Below are some of the on-going research projects within the charity;
As more people survive into old age, the prevalence of heart failure (HF), one of the most common and debilitating diseases in older people, will rise still further. Delaying or preventing HF will have great benefit to those at personal risk, their families, society and the economy. HOMAGE aims to provide a biomarker (BM) approach that will  help identify patients at high risk of developing HF before the onset of symptoms and . subsets of patients who are more likely to respond to specifically targeted therapies (personalised medicine).
Development of scalable new model(s) focussed on care coordination and care provision for medically complex, co-morbid chronic disease patient segments focusing on HF.
This research is study between hospital-based clinical teams in both Ireland and the UK sponsored by Enterprise Ireland, in conjunction with its partners UCD and their commercial partners ResMed, Boston Scientific and Cardiomark. The aims of the project can be summarised as; Identify and describe the components of the patient pathway from pre-hospitalisation through to discharge. Develop an infrastructure for efficient collection of patient pathway information by medical and nursing personnel. Perform a complete literature review of existing and emerging HF management strategies (encompassing processes, technologies, etc.). Develop a novel solution for heart failure management, which overcomes barrier(s) seen in current patient pathways and is applicable internationally.
The Metabolic Road to Diastolic Heart Failure (MEDIA): Metabolic risk – diastolic Heart Failure (METR-DHF) Sub-study
In 2012, the STOP HF Screening Programme began sharing our information with other specialist research centres throughout Europe in an effort to improve detection and prevention of Diastolic Heart Failure (DHF) in the at risk population. It is believed that a collaborative approach to research in this area will be the fastest and most effective way to improve care.
Sleep apnoea in patients with dipping and non-dipping patterns of hypertension.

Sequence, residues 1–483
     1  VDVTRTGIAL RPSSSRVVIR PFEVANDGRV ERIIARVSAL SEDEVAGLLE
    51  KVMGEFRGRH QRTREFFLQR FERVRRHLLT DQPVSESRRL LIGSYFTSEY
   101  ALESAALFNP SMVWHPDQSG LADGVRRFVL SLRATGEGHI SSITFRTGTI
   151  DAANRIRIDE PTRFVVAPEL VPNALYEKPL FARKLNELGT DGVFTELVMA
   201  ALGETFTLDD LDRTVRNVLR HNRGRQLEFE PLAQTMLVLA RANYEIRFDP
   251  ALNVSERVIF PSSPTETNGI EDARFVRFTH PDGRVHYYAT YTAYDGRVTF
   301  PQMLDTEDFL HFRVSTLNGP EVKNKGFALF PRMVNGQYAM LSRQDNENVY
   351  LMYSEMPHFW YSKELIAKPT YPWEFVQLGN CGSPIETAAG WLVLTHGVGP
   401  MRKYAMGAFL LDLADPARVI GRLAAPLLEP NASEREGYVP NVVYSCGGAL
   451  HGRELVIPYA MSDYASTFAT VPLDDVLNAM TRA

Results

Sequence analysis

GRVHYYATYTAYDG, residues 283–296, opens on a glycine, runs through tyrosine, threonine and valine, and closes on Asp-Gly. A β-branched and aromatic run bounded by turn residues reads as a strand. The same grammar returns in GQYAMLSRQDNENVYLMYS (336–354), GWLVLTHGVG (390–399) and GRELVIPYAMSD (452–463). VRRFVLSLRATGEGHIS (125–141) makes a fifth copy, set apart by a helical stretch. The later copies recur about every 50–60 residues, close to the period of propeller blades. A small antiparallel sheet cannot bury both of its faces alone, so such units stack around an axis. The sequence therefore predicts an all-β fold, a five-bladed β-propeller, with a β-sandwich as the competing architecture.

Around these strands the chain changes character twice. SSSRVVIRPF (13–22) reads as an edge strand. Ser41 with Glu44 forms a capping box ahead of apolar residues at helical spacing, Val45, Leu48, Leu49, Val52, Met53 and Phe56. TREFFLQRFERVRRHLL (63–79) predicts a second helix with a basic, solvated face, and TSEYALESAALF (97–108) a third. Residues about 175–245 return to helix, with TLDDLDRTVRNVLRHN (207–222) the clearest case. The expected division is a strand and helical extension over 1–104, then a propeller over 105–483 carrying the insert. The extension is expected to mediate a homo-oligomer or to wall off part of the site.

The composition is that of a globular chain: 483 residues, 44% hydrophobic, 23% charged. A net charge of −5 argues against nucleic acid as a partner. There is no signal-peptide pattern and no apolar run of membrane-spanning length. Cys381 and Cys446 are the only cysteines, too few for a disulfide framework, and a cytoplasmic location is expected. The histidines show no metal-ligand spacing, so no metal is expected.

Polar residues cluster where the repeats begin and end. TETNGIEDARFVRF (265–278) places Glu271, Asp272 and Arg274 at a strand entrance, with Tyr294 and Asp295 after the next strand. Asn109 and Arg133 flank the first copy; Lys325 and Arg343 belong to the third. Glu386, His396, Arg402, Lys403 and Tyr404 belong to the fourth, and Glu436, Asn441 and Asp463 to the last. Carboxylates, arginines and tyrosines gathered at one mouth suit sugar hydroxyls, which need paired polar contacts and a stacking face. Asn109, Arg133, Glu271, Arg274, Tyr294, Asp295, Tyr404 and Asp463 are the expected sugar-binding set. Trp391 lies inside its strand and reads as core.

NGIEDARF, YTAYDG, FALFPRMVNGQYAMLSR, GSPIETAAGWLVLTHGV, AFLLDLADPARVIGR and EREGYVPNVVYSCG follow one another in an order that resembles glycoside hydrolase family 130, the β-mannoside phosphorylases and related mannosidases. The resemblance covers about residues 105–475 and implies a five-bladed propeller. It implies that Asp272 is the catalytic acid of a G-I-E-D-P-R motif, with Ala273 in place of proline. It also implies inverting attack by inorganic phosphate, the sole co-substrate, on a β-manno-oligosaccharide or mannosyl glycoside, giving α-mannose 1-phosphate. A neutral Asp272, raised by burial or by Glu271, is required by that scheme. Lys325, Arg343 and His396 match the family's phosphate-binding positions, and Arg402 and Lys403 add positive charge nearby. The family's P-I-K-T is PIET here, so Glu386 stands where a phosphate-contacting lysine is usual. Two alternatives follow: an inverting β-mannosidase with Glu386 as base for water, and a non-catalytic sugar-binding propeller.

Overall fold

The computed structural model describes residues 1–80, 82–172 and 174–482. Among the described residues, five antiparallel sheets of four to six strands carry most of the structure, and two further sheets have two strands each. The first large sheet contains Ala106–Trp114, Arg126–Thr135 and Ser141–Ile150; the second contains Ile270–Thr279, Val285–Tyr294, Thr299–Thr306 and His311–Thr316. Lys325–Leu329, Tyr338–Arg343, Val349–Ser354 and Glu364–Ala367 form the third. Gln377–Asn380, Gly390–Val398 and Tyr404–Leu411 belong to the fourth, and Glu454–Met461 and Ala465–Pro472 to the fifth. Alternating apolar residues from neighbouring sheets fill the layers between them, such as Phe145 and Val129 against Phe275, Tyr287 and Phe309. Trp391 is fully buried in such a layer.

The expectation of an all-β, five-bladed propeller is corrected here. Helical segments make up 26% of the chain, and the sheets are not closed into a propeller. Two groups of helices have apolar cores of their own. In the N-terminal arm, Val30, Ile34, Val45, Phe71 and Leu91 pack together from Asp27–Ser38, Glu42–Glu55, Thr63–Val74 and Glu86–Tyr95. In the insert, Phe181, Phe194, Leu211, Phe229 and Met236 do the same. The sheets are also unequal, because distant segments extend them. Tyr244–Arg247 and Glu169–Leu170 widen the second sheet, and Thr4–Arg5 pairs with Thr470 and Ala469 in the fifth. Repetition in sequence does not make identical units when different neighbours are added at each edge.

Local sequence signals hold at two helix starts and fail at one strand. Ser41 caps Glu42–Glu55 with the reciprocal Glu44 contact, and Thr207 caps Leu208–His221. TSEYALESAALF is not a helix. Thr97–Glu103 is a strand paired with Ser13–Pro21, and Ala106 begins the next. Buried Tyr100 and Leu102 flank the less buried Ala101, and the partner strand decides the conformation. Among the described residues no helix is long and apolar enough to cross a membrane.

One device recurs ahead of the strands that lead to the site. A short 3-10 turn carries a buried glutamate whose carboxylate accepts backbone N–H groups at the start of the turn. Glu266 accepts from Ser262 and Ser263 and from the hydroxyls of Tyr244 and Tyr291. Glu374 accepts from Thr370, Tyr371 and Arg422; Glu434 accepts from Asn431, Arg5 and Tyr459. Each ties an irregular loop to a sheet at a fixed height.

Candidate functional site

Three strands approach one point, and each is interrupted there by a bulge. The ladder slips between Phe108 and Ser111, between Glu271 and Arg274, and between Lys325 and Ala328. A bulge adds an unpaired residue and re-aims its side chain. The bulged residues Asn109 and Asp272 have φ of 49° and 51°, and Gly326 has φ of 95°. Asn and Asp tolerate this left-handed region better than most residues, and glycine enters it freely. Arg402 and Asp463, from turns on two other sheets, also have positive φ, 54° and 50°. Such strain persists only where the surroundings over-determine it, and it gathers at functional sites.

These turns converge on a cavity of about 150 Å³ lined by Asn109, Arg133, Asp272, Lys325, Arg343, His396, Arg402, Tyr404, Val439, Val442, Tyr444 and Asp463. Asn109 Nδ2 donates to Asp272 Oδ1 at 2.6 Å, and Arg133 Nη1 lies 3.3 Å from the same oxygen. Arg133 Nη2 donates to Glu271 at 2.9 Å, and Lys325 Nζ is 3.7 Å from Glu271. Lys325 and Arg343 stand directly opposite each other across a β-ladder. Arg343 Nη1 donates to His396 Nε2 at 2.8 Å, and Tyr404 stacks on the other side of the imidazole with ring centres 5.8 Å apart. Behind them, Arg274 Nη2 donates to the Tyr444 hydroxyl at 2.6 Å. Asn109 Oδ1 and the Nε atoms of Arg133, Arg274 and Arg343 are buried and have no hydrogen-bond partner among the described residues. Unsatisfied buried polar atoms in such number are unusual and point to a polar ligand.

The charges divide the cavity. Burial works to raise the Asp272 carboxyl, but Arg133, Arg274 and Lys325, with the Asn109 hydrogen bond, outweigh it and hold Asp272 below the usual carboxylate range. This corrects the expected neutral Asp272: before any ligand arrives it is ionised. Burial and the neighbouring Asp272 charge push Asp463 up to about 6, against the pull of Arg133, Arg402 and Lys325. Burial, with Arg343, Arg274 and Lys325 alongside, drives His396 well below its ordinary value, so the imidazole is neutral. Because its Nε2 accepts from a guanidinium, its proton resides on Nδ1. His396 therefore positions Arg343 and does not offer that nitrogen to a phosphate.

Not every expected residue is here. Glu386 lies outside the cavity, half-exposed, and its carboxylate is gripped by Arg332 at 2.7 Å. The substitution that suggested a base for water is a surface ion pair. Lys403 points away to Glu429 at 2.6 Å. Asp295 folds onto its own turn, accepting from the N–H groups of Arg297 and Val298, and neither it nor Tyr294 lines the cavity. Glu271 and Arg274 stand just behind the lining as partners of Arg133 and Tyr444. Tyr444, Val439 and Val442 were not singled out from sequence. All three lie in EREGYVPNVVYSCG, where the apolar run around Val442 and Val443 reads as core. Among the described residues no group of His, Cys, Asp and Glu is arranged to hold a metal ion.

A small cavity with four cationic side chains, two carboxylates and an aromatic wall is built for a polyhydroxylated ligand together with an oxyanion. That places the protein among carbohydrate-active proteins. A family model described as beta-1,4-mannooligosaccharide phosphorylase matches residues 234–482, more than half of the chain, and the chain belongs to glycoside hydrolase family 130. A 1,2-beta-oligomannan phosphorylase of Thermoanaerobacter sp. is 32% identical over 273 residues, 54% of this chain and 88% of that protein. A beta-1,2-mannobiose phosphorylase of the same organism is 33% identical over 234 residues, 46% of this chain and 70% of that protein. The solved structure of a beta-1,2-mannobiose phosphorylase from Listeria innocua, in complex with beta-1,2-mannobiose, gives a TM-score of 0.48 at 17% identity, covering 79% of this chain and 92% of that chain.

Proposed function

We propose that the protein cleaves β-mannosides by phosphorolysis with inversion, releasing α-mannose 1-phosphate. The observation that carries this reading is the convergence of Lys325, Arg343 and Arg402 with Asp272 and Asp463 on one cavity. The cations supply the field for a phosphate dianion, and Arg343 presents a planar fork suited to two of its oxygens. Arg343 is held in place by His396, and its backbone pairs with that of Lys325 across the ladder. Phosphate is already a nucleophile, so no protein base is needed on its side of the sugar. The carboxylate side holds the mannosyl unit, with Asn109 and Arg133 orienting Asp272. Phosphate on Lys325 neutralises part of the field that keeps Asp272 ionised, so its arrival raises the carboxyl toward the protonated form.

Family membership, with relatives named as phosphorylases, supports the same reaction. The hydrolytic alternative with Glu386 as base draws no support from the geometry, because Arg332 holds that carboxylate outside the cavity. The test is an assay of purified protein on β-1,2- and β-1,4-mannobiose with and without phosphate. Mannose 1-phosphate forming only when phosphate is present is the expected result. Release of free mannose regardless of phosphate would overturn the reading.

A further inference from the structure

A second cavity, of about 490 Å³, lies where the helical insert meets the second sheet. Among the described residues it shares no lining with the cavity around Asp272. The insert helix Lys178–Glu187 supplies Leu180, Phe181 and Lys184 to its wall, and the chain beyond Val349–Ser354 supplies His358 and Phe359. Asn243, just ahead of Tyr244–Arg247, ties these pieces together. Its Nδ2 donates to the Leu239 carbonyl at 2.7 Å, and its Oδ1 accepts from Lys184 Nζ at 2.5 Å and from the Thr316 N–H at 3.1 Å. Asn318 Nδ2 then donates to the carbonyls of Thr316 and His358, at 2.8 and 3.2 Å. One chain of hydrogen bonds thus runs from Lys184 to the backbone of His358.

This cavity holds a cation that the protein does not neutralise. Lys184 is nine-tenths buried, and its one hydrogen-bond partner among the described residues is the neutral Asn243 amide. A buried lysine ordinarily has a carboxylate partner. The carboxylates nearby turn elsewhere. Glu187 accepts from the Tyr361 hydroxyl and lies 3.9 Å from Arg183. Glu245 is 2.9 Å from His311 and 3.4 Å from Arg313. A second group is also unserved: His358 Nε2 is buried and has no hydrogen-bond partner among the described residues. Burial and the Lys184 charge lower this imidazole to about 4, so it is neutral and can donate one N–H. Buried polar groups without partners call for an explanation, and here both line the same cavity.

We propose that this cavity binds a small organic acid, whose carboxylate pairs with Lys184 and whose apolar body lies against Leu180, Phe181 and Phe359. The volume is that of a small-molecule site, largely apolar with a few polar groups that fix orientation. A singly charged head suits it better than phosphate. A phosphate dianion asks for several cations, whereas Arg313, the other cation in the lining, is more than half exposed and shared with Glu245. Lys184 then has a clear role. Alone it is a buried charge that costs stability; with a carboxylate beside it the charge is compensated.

We are working with our Respiratory colleagues looking at the prevalence of sleep apnoea in patients with dipping and non-dipping patterns of hypertension.
Impact of Eplerenone on Asymptomatic Left Ventricular Diastolic Dysfunction in Diabetic Patients
The aim of this drug trial is to see whether Eplerenone can help prevent the progression of diastolic dysfunction (stiffness of the heart muscle) in people with diabetes who show evidence of diastolic dysfunction but do not have HF. Improvement in cardiac structure and function, as well as change in biomarker profiles are study end points.
The ‘Natural history of Diabetic Cardiomyopathy’ Project
The public health challenge posed by heart failure will escalate with the emerging epidemic of diabetes mellitus. One of the major health care consequences of diabetes is cardiovascular disease, with a specific predisposition to ventricular dysfunction. This diabetic cardiomyopathy is most frequently represented by left ventricular diastolic dysfunction (LVDD). LVDD is linked to preserved ejection fraction heart failure. At present we lack a clear epidemiological study of LVDD in diabetic patients and as a result it is not clear who will develop LVDD and who will demonstrate progressive dysfunction, a group at heightened risk of heart failure. This project plans to investigate the natural history of LVDD in a diabetic population, providing a basis for understanding the disease and its progression, and to develop an effective preventative strategy by improving our diagnostic and disease monitoring capacity with the application of novel biomarker strategies.
COMmunity Project for cardiovAscular Risk Evaluation (COMPARE)
Cardiovascular risk factors are common, predominantly found in the community and sometimes difficult to manage. This large community based study compares the impact of a low-intensity community screening programme on cardiovascular risk factors and health behaviours in patients with risk factors.